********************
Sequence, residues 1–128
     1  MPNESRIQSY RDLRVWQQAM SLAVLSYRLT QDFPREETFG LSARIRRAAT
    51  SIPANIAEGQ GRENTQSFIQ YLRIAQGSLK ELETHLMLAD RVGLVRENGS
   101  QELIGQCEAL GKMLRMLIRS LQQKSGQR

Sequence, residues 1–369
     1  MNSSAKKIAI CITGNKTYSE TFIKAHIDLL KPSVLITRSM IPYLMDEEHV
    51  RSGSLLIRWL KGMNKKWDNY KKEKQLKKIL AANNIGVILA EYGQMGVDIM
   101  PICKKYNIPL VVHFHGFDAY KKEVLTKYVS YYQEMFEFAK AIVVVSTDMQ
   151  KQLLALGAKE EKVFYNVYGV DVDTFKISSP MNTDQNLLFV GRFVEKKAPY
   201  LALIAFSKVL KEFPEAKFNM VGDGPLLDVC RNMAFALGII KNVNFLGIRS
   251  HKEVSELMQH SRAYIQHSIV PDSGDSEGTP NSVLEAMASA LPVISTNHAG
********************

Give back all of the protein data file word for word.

Sequence, residues 1–128
     1  MPNESRIQSY RDLRVWQQAM SLAVLSYRLT QDFPREETFG LSARIRRAAT
    51  SIPANIAEGQ GRENTQSFIQ YLRIAQGSLK ELETHLMLAD RVGLVRENGS
   101  QELIGQCEAL GKMLRMLIRS LQQKSGQR

Sequence, residues 1–369
     1  MNSSAKKIAI CITGNKTYSE TFIKAHIDLL KPSVLITRSM IPYLMDEEHV
    51  RSGSLLIRWL KGMNKKWDNY KKEKQLKKIL AANNIGVILA EYGQMGVDIM
   101  PICKKYNIPL VVHFHGFDAY KKEVLTKYVS YYQEMFEFAK AIVVVSTDMQ
   151  KQLLALGAKE EKVFYNVYGV DVDTFKISSP MNTDQNLLFV GRFVEKKAPY
   201  LALIAFSKVL KEFPEAKFNM VGDGPLLDVC RNMAFALGII KNVNFLGIRS
   251  HKEVSELMQH SRAYIQHSIV PDSGDSEGTP NSVLEAMASA LPVISTNHAG